Last Updated: Friday, 02 December 2016, 15:22 GMT

Vietnamese dissident ends hunger strike after prison agrees to study complaint

Publisher Radio Free Asia
Publication Date 21 June 2013
Cite as Radio Free Asia, Vietnamese dissident ends hunger strike after prison agrees to study complaint, 21 June 2013, available at: http://www.refworld.org/docid/51cbfc0a2e.html [accessed 3 December 2016]
DisclaimerThis is not a UNHCR publication. UNHCR is not responsible for, nor does it necessarily endorse, its content. Any views expressed are solely those of the author or publisher and do not necessarily reflect those of UNHCR, the United Nations or its Member States.

2013-06-21

Nguyen Thi Duong Ha holds a self-portrait by her husband Cu Huy Ha Vu in May 2013 shortly before he began his hunger strike.Nguyen Thi Duong Ha holds a self-portrait by her husband Cu Huy Ha Vu in May 2013 shortly before he began his hunger strike. Photo courtesy of Nguyen Thi Duong Ha

Jailed prominent Vietnamese dissident Cu Huy Ha Vu ended a hunger strike Friday after authorities agreed to examine his complaint over prison abuses, calling it a victory for justice and democracy in the one-party communist state.

Vu declared an end to his 25-day fast after the supervisor of Prison No. 5 in Thanh Hoa province sent a written acknowledgement of his complaint that one of his jail guards had taken actions that had put his life at risk, his wife Nguyen Thi Duong Ha told RFA's Vietnamese Service after visiting her husband in prison.

"The fact that supervisor Luong Van Tuyen of Prison No. 5 finally had to issue the response to my complaint shows that the 25-day hunger strike is a victory for justice," Vu said in a letter given to his wife which also thanked Vietnamese within the country and overseas who backed his protest.

"This is the first victory of my struggle for all Vietnamese people inside and outside Vietnam and for justice and democracy," he said, also thanking the governments and groups in the United States and 27 other countries that spoke up for human rights and other democratic principles following his action.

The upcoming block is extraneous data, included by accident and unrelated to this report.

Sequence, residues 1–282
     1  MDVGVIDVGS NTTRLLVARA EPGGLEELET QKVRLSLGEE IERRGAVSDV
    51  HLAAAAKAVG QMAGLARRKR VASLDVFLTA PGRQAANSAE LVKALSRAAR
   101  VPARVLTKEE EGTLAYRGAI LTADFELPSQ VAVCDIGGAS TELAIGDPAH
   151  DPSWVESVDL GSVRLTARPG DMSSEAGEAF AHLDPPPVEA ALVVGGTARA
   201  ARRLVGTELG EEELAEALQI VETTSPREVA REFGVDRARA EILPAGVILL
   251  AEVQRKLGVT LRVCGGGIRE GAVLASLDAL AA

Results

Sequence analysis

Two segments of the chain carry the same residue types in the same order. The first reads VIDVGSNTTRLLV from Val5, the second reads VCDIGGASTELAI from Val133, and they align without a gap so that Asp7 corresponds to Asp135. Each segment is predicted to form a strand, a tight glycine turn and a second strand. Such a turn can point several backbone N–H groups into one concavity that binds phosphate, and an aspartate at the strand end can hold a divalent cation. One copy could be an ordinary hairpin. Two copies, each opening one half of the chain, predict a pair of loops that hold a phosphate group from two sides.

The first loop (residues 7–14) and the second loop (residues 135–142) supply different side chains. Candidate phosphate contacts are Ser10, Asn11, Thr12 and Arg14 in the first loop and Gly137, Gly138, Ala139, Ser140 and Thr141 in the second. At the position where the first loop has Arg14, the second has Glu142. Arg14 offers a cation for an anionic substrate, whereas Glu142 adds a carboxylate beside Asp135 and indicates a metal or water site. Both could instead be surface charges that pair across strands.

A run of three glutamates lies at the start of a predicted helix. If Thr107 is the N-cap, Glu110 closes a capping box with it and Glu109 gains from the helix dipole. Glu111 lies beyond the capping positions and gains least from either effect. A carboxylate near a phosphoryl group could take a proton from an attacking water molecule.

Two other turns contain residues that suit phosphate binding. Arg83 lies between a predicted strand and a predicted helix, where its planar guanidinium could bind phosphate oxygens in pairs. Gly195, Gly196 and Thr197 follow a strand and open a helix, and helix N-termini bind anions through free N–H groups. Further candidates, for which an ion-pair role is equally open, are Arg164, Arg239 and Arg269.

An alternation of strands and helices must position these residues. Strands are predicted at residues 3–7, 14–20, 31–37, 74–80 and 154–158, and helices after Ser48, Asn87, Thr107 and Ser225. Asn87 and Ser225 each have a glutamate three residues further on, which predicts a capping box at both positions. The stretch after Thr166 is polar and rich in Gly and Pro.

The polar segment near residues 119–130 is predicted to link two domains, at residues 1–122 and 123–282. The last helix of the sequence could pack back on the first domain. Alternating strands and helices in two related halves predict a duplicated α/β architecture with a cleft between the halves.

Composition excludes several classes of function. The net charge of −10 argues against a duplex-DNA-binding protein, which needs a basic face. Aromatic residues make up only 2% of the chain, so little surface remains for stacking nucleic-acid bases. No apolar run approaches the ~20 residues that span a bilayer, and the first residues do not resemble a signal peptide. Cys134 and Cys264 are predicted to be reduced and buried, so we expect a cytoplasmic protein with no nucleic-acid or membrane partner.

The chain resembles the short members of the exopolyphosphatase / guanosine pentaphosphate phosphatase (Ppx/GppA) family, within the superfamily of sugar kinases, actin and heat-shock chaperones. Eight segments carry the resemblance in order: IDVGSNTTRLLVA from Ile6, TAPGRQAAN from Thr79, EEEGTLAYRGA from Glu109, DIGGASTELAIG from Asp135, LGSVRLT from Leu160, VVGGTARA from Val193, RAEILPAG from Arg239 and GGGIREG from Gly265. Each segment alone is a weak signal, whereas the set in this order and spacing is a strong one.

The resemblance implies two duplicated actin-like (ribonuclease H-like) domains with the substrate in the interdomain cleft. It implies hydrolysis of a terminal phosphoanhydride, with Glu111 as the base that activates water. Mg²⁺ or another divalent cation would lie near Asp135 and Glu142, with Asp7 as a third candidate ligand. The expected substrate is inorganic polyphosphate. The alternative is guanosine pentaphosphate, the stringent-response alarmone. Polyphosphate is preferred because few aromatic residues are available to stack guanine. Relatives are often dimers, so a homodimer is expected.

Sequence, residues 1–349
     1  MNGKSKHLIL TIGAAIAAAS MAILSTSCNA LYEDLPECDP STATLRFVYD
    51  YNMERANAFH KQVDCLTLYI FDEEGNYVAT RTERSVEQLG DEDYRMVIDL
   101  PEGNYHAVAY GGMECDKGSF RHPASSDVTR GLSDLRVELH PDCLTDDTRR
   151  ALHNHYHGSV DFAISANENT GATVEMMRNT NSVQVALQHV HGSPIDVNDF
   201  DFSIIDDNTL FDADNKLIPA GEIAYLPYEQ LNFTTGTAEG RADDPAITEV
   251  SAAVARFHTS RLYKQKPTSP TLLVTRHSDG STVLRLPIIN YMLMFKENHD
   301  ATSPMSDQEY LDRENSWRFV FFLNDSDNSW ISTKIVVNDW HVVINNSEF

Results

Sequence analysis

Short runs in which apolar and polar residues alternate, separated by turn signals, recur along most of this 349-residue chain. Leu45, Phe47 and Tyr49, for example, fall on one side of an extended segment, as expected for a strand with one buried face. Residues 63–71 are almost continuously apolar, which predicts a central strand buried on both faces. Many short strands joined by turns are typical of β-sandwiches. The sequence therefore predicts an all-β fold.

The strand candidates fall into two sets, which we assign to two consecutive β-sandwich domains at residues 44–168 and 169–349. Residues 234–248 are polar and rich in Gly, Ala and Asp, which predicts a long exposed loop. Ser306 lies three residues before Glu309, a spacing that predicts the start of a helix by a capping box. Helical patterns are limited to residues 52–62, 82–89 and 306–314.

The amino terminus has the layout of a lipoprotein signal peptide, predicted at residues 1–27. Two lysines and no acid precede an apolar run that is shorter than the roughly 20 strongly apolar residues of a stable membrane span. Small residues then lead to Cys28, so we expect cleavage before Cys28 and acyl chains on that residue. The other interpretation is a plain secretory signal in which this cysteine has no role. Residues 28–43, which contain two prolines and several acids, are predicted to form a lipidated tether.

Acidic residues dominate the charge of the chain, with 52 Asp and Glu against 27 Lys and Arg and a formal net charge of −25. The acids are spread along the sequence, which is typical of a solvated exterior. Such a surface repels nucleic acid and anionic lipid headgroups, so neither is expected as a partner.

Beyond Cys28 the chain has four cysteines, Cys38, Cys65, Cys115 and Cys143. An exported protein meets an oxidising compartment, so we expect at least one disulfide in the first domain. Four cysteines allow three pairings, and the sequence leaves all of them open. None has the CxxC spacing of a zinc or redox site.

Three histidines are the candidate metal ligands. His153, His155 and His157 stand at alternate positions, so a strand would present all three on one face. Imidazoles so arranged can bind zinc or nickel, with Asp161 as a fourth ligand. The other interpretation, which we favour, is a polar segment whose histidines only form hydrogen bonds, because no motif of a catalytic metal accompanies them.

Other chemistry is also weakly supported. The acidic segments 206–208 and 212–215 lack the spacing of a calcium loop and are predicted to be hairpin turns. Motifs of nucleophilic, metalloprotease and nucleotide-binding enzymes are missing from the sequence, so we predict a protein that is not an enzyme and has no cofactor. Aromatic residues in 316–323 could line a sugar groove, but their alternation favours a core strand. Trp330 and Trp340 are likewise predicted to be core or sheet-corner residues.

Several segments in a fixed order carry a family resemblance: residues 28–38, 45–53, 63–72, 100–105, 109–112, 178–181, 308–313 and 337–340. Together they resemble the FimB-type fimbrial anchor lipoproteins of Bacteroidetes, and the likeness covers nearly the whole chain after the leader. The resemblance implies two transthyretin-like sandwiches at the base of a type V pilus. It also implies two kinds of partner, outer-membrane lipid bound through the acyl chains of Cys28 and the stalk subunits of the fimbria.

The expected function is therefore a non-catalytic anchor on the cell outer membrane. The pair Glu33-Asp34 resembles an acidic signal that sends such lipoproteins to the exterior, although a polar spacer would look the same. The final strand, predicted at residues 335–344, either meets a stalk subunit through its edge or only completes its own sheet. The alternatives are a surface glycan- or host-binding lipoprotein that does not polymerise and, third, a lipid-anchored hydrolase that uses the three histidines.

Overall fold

Vu was in "very bad" health when Duong Ha visited him last Saturday and nearly a week later he appeared frail and "very tired," she said.

Duong Ha said that prison authorities on Friday also received legal documents signed by Vu endorsing a team of lawyers to represent him in a court hearing where he would appeal his seven-year prison sentence for "conducting propaganda" against the state.

Failure to respond

Vu, 56, staged the hunger strike on May 27 after prison officials failed to respond to his complaints about detention conditions that he had first raised last year, in particular abuses by one of his guards that he says harmed his health and worsened his heart condition.

Several prominent activists in the U.S. and Vietnam have staged their own hunger strikes in solidarity with Vu, whose case prompted a call for "urgent action" from global advocacy group Amnesty International.

The U.S. government sought his release while bloggers in the authoritarian state rallied behind his cause on the Internet.

This week, in a joint letter to the top leaders in Hanoi, 33 scholars mostly from the United States and Australia raised "deep concerns" for Vu's health and called on them to take action to ensure his health and safety.

Duong Ha rejected Vietnamese state media reports that said this week that Vu had refused prison food but had eaten provisions sent by his family.

His cellmate Nguyen Dinh Dam was quoted saying by the state media that Vu "eats well."

But according to Duong Ha, Dam said that Vu "has not eaten anything or consumed any nutritional supplement other than his heart and high blood pressure medicine during his hunger strike."

Video

Vietnam Television (VTV) also showed a video this week to back its claim that Vu was not on hunger strike, but many bloggers said it was fabricated.

A well-known legal expert and dissident who had twice tried to sue the prime minister for abuse of power, Vu was arrested in 2010 over online articles calling for a multiparty state.

His father Cu Huy Can was a revolutionary poet and a minister in Vietnam's founding president Ho Chi Minh's government.

He is among dozens of dissidents and bloggers who have been thrown in jail since the one-party communist state stepped up a crackdown three years ago. In the past month alone, three bloggers have been arrested in Vietnam, according to reports.

Reported by Mac Lam for RFA's Vietnamese Service. Written in English by Parameswaran Ponnudurai.

Link to original story on RFA website

Copyright notice: Copyright © 2006, RFA. Reprinted with the permission of Radio Free Asia, 2025 M St. NW, Suite 300, Washington DC 20036.

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